“Mucho macho,” “poco” women: Counting women’s work in Mexico

Anairis Hernandez and Estela Rivero, getting ready to begin the Counting Women’s Work project in Mexico

Anairis Hernandez and Estela Rivero, getting ready to begin the Counting Women’s Work project in Mexico

by Anairis Hernandez and Estela Rivero

In Mexico, the economic crisis of the 1980s propelled many women who never worked before to join the labour force. Mexican women are twice as likely to participate in labour markets than their grandmothers. However, just less than half of Mexican women are part of the labour force. They tend to have lower ranking occupations; and their hourly earnings remain below those of men. So it is unsurprising that women’s economic contribution is lower than men’s. But this assessment misses productive activities that women perform at home such as cooking and caring for children and the elderly. These household activities bring multiple health, income, and education benefits to all family members. Mexican men—and their counterparts in other countries—spend on average a mere 2.5 hours a day in household chores, about half the time women do.

Women’s economic empowerment has now become a priority both for the Mexican government and for international agencies working in Mexico. In addition, Mexico’s National Population Council aims to focus on the multiple effects of population ageing and the changing structure of Mexican families today. The National Plan of Action 2013-2018 states explicitly that one of the objectives of the current Mexican administration is gender equality. As President Peña Nieto started his government in 2012, Ministries and State dependencies are now drafting their own action plans for the next five-year period. All these developments make the project timely and relevant for Mexico.

Under the project “Counting Women’s Work” funded by the William and Flora Hewlett Foundation and the IDRC and which started in January 2014, the Mexican team will examine how much of women’s work goes unnoticed in the economy, how much this has changed in the last decade, and why. Evidence shows that both household responsibilities and education levels are associated with how individuals use their time. The researchers will help identify target groups for direct policy interventions, such as groups with specific schooling, and women with and without children. Some of the researchers’ previous work is to appear in the upcoming book "Uso del tiempo y trabajo no remunerado en México" (Time Use and Non-paid work in Mexico), published by El Colegio de México and UNWomen. The lead researchers in the project are Dr. Estela Rivero, a Princeton University graduate and professor at El Colegio de Mexico, and Ms. Anairis Hernandez, who recently graduated from the master's in demography at El Colegio. They will use the methodology proposed by the National Transfer Accounts, funded by IDRC and other donors. Sex-disaggregated data, time transfers and non-market labour permit to build National Time Transfer Accounts (NTTA), as they are now known. These new accounts provide an excellent framework to analyse gender issues within the mainstream economic measures.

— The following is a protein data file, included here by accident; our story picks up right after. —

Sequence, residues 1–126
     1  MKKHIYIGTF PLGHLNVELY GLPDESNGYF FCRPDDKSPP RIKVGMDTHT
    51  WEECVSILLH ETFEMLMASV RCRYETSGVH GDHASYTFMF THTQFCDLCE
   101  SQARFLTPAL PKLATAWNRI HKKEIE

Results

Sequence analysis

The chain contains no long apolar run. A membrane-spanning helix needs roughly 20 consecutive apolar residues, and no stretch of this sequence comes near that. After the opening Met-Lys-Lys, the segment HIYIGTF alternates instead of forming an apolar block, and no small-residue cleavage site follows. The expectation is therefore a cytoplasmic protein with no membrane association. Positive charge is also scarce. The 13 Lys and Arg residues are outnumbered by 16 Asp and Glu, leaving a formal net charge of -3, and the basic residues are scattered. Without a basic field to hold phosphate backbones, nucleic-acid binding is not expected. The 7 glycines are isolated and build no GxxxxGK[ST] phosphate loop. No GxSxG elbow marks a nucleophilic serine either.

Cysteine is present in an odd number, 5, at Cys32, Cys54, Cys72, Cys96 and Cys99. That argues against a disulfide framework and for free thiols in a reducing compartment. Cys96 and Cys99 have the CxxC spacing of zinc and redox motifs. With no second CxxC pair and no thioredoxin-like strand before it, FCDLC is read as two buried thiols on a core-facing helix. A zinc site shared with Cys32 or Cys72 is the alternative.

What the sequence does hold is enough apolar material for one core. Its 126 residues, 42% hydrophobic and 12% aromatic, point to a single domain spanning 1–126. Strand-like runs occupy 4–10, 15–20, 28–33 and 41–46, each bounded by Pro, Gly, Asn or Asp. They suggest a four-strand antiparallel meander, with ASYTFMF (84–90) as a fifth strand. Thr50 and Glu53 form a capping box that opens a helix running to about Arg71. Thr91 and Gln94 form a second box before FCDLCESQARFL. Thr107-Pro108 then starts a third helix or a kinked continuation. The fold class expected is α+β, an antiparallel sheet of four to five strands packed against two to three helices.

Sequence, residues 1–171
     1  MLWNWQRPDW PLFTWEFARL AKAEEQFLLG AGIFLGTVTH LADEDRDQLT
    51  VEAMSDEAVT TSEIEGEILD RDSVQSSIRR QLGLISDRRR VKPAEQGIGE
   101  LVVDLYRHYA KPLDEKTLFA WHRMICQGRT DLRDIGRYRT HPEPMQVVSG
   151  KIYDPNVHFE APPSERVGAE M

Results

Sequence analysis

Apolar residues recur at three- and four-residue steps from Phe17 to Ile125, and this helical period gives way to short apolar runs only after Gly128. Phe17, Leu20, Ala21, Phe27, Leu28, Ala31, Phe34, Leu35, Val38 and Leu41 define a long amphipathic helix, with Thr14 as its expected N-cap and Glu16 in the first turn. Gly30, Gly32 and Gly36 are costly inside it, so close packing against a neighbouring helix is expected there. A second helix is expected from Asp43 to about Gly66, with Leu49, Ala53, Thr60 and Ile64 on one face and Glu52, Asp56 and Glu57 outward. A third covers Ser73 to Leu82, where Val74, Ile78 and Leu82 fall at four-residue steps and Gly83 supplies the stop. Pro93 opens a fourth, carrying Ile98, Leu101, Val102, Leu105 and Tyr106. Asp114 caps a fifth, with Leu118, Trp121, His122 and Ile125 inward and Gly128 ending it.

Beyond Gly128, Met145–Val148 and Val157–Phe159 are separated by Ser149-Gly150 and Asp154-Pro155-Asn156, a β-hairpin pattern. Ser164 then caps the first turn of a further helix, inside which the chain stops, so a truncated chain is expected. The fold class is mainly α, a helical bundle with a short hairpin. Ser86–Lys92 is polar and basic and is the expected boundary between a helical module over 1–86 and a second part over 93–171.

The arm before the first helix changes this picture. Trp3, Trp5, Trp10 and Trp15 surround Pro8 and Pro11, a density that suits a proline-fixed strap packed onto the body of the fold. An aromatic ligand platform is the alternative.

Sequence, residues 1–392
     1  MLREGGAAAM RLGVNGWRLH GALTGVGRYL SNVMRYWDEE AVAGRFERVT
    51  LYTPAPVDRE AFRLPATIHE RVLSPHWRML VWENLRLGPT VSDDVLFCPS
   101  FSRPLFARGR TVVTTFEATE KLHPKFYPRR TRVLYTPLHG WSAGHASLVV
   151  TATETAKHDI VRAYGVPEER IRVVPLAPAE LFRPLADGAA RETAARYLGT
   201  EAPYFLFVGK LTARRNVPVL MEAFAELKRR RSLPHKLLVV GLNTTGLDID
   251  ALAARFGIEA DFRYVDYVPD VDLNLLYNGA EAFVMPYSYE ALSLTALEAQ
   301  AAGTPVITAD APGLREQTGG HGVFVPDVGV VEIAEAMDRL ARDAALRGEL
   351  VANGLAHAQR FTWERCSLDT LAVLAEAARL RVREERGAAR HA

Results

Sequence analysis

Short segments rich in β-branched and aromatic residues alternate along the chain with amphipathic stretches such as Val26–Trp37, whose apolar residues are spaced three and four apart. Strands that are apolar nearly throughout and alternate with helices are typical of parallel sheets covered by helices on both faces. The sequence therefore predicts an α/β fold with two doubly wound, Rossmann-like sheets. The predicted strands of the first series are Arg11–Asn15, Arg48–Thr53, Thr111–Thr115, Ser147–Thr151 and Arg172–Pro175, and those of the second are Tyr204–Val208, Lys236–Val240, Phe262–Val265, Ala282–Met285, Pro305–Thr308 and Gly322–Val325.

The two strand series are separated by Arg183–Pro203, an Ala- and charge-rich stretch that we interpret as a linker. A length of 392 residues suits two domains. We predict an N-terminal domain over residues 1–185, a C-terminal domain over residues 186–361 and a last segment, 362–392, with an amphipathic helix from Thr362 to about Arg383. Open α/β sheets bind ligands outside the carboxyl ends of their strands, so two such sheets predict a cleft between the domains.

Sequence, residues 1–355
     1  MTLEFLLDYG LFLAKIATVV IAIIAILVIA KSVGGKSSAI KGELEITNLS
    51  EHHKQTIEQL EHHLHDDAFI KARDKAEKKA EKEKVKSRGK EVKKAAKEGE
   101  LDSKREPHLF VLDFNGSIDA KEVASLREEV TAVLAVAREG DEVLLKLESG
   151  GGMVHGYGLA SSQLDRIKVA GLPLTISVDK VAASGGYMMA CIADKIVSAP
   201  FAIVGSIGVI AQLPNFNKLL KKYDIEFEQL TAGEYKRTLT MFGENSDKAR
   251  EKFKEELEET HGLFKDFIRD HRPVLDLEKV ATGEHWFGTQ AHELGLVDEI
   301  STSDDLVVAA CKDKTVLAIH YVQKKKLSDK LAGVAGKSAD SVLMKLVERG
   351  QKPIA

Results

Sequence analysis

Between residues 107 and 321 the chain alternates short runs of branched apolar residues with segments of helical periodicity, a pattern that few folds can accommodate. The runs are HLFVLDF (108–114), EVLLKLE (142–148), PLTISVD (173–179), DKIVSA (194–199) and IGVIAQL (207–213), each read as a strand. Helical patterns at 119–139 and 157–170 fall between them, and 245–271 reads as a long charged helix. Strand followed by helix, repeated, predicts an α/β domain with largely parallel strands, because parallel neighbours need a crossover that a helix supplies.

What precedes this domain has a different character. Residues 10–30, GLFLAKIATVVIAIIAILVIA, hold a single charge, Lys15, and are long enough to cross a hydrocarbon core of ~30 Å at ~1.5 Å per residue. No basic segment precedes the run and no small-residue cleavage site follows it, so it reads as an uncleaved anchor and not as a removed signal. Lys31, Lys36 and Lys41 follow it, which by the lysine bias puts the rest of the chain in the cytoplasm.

Other countries represented in the project are also in Latin America (Costa Rica and Colombia), as well as in Asia (India and Vietnam), and Africa (Ghana, Kenya, Senegal and South Africa). The project is led and coordinated by Dr. Gretchen Donehower at University of California, Berkeley, U.S.A. and Morné Oosthuizen at University of Cape Town, South Africa.